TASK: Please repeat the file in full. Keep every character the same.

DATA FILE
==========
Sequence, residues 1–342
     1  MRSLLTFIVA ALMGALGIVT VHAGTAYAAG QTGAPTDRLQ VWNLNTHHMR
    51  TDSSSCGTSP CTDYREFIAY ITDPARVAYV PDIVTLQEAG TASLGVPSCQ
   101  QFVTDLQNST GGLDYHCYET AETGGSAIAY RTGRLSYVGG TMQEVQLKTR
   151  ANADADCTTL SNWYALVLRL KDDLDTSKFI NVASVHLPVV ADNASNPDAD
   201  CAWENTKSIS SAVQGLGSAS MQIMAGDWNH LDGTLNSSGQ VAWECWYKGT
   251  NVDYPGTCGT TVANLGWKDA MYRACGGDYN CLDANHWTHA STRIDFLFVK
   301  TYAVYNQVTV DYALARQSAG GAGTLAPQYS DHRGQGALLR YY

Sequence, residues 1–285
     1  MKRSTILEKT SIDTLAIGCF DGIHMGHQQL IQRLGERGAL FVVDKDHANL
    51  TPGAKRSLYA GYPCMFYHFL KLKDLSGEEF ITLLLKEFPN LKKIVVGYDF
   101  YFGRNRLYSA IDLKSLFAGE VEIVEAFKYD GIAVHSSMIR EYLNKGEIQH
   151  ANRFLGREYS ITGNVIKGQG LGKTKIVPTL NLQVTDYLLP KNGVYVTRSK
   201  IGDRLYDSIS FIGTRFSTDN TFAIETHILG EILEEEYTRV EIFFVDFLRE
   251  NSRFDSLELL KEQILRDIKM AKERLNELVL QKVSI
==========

Sequence, residues 1–342
     1  MRSLLTFIVA ALMGALGIVT VHAGTAYAAG QTGAPTDRLQ VWNLNTHHMR
    51  TDSSSCGTSP CTDYREFIAY ITDPARVAYV PDIVTLQEAG TASLGVPSCQ
   101  QFVTDLQNST GGLDYHCYET AETGGSAIAY RTGRLSYVGG TMQEVQLKTR
   151  ANADADCTTL SNWYALVLRL KDDLDTSKFI NVASVHLPVV ADNASNPDAD
   201  CAWENTKSIS SAVQGLGSAS MQIMAGDWNH LDGTLNSSGQ VAWECWYKGT
   251  NVDYPGTCGT TVANLGWKDA MYRACGGDYN CLDANHWTHA STRIDFLFVK
   301  TYAVYNQVTV DYALARQSAG GAGTLAPQYS DHRGQGALLR YY

Sequence, residues 1–285
     1  MKRSTILEKT SIDTLAIGCF DGIHMGHQQL IQRLGERGAL FVVDKDHANL
    51  TPGAKRSLYA GYPCMFYHFL KLKDLSGEEF ITLLLKEFPN LKKIVVGYDF
   101  YFGRNRLYSA IDLKSLFAGE VEIVEAFKYD GIAVHSSMIR EYLNKGEIQH
   151  ANRFLGREYS ITGNVIKGQG LGKTKIVPTL NLQVTDYLLP KNGVYVTRSK
   201  IGDRLYDSIS FIGTRFSTDN TFAIETHILG EILEEEYTRV EIFFVDFLRE
   251  NSRFDSLELL KEQILRDIKM AKERLNELVL QKVSI